The Early Edition: March 12, 2019

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Before the start of business, Just Security provides a curated summary of up-to-the-minute developments at home and abroad. Here’s today’s news.

U.S. MILITARY AND BUDGET REQUEST

The White House is proposing a budget of nearly $720 billion for the Pentagon for the upcoming financial year, adding $33 billion to support efforts against China, Russia, North Korea and Iran, as well as to fight Islamic State group and other militants across nations including Iraq, Syria and Afghanistan. The Pentagon’s total proposed budget of $718 billion represents a roughly 5% increase over the estimated $685 billion being spent in fiscal 2019, according to White House budget documents released yesterday, Gordon Lubold reports at the Wall Street Journal.

President Trump will ask for about $544 billion for the base defense budget and another $9 billion for an “emergency” fund, while the balance of $165 billion will reportedly be requested for the Overseas Contingency Operations fund, according to two administration officials, Ryan Browne reports at CNN.

The 2020 plan unveiled by Trump includes $8.6bn for his long-promised wall on the Southern Border, indicating his readiness to reignite the political fallout that led to the record 35-day partial government shutdown. The plan cuts domestic programs by 5% – or $2.7tn – over 10 years, and was dismissed by Democrats as “dead on arrival” and “breathtaking in its degree of cruelty,” David Smith reports at the Guardian.

The administration is not asking Congress for any funds to build a new F.B.I headquarters building, despite past funding proposals requesting billions for the project. “There is not new money for the F.B.I. headquarters,” Assistant Attorney General Lee Lofthus told reporters yesterday during a briefing on the budget request, though he noted that the project is “still under discussion,” Morgan Chalfant reports at the Hill.

The budge request includes $166 billion for the U.S. Air Force, representing a “sizable” 6 percent increase over last year, some of which the service will put towards revamping its pieces of the U.S.’ nuclear deterrent. Lara Seligman explains at Foreign Policy.

“There are now hundreds of women serving in positions that had previously been closed to them … this is not the time to reverse course … or weaken our military readiness by replacing them,” former White House chief of staff defense secretary and C.I.A. director Leon E. Panetta comments in Op-Ed at the Washington Post.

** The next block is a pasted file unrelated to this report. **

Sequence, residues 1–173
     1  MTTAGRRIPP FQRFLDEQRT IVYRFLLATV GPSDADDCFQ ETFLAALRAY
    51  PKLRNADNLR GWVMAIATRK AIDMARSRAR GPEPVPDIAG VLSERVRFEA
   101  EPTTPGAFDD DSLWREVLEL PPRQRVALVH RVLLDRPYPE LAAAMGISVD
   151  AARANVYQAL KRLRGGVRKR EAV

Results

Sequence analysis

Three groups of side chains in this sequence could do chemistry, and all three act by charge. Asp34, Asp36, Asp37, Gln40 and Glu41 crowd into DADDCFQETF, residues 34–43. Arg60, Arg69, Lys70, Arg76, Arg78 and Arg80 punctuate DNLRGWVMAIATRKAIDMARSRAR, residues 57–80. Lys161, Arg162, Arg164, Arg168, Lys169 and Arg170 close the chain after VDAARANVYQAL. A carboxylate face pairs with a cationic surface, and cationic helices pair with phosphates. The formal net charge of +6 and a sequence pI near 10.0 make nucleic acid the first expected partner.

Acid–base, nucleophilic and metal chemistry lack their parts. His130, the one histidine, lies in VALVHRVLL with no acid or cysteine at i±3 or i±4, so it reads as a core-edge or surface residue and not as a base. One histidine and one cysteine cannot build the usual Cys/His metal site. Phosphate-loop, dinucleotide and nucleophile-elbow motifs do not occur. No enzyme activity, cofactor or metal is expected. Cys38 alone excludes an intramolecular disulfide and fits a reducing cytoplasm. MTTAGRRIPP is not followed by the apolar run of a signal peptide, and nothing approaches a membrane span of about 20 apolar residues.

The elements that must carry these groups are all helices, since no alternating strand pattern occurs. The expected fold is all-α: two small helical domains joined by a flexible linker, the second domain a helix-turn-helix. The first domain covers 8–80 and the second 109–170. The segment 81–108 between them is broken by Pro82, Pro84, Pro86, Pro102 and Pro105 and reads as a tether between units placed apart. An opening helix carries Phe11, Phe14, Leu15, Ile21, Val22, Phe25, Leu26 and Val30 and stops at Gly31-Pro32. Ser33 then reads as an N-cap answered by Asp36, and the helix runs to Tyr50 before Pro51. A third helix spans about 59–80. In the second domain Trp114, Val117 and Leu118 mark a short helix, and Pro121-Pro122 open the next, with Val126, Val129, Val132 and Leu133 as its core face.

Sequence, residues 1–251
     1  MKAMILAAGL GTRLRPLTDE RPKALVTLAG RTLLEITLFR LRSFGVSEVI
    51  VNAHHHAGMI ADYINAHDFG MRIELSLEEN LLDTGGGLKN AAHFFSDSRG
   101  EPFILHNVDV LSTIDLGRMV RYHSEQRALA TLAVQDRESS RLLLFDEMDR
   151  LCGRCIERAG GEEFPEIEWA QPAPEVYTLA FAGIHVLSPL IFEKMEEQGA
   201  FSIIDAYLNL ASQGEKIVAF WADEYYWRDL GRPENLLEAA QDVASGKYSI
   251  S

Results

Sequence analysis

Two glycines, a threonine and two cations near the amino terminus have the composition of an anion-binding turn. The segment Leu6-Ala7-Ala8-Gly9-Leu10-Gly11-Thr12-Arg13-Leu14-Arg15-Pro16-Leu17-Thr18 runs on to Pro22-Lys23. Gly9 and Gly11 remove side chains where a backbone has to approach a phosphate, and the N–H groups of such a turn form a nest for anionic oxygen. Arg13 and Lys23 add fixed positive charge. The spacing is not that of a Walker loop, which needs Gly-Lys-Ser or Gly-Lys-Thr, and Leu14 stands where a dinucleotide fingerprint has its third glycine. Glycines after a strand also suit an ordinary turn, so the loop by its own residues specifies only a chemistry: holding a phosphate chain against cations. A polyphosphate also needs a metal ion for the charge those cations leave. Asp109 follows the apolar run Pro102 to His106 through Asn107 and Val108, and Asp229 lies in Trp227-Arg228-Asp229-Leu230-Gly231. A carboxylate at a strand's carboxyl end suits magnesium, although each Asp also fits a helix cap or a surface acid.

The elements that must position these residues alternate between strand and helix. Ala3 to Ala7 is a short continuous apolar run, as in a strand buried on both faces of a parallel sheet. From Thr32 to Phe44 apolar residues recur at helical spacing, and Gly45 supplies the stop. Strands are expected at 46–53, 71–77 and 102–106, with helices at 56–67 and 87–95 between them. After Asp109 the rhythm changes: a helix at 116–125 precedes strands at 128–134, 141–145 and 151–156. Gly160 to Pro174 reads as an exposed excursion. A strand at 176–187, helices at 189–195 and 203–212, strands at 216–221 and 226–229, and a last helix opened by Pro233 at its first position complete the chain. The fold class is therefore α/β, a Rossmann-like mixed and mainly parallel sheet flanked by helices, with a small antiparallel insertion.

TRUMP-RUSSIA AND TRUMPWORLD INVESTIGATIONS

The New York attorney general’s office issued subpoenas late yesterday to Deutsche Bank and Investors Bank for records relating to the financing of four major Trump Organization projects and an unsuccessful attempt to buy the Buffalo Bills of the National Football League in 2014, according to a person briefed on the subpoenas. The new inquiry was allegedly prompted by former Trump personal lawyer Michael Cohen’s congressional testimony last week, with Cohen having claimed that Trump had inflated his assets in financial statements – a claim Cohen aimed to evidencewith statements that he claimed had been submitted to Deutsche Bank, William K. Rashbaum and Danny Hakim report at the New York Times.

Lawmakers are reportedly clashing over Republican allegations that Democrats met extensively with Cohen before his scheduled testimonies, and found out ahead of time what Cohen was planning to testify to on Capitol Hill. Democrats have strongly rejected these claims, stating that meeting in advance with potential witnesses is standard practice for committees conducting investigations, Olivia Beavers reports at the Hill.

House Speaker Nancy Pelosi (D-Calif.) said in an interview that she opposes moves to impeach President Trump, despite the fact that she believes he is unfit for office. “I’m not for impeachment,” she said in a March 6 interview with The Washington Post Magazine, adding” I haven’t said this to any press person before … but since you asked, and I’ve been thinking about this, impeachment is so divisive to the country that unless there’s something so compelling and overwhelming and bipartisan, I don’t think we should go down that path because it divides the country …. and he’s just not worth it,” Mike DeBonis and Rachel Bade report at the Washington Post.

Some Democratic lawmakers have voiced concern regarding Pelosi’s impeachment remarks. “If the facts require us to initiate removing the president, we are obligated to do it … if the facts don’t support it, we won’t,” Judiciary Committee member Rep. David Cicilline (D-R.I.) commented, adding “this determination will be driven solely by the facts,” Sarah Ferris and Andrew Desiderio report at POLITICO.